Dean Esmay has linked to my second post on Cronkite and Tet, and a commenter there named “mikeca” called what I had to say “revisionist history.”
His comment was identical to one he posted on this blog as well, which I now reproduce here in full:
This is conservative revisionist history and rationalization.
According to the new history, the Viet Cong and North Vietnamese were defeated in Tet and we had the war won. Only the media, and Walter Cronkite snatched defeat from the jaws of victory.
Totally wrong. Before Tet the US government was saying that the war was winding down. Tet showed that the enemy was far from defeated. In fact it was clear that if the US had not had 500,000 men in Vietnam, the South would have been overrun. More than half of the Americans killed in Vietnam came after the Tet offensive was over.
What Tet showed was that it took 500,000 American service men in Vietnam to keep the South Vietnamese government in power, because the South Vietnamese people did not really believe in their government. The fact that the South Vietnamese military and government collapsed like a house of cards as soon as the US left, shows just that. The US was just propping up a corrupt and incompetent government.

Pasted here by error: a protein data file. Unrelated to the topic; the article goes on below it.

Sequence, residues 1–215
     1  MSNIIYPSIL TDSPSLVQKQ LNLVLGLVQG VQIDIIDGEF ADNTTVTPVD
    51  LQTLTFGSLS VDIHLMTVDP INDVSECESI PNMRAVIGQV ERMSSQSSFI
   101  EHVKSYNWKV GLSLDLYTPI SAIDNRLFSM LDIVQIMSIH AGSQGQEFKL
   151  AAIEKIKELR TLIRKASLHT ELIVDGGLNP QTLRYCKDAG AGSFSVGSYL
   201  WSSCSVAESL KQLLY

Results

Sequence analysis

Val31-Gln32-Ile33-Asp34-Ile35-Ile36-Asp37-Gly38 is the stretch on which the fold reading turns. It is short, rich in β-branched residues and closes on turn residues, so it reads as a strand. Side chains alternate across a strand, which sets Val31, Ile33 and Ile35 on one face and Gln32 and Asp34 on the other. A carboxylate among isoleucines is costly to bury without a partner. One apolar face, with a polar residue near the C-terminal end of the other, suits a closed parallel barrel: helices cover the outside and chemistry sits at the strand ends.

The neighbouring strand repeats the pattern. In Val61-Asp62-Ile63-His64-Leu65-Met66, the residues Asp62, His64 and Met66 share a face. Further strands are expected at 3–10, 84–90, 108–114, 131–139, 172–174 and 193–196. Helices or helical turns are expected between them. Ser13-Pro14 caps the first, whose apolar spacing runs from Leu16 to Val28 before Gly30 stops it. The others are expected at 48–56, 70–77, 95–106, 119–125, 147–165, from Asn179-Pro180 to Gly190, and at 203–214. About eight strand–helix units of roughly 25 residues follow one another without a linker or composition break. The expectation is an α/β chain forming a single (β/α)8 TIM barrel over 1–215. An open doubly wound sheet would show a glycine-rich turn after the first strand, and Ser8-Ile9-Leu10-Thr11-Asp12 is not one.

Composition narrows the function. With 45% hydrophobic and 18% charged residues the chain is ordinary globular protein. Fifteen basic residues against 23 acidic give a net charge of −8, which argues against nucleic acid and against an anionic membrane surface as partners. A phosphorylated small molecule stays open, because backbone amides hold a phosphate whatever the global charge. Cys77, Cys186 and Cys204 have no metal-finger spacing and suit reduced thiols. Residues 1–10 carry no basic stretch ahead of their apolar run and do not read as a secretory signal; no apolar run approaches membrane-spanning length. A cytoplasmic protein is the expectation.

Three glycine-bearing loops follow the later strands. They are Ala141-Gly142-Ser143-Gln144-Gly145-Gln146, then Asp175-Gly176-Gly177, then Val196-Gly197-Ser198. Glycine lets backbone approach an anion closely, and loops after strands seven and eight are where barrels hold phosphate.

Cronkite talked with lots of government and military officials off the record. Many of them told him of their doubts about the situation in Vietnam. The US government knew the South Vietnamese government was probably a hopeless cause. The US could keep the South Vietnamese government in power by keeping 500,000 men there forever, but that effectively made South Vietnam a US colony. The American people eventually realized that while the US could keep the South Vietnamese government in power forever, we could not make the South Vietnamese people support that government.
You can rationalize all you want. Try to blame the Democrats in congress, try to blame the media. The facts are there are limits to what can be accomplished with military power, even overwhelming military power. If you fail to learn that lesson from Vietnam, perhaps you will learn it in Iraq.
The following is based on a reply I posted on Dean’s World. I decided to highlight it here-and expand on it–because I think mikeca’s comment is an excellent example of the sort of argument often mounted when there’s an attempt to portray the Vietnam War in a way that contradicts the original MSM version of the truth.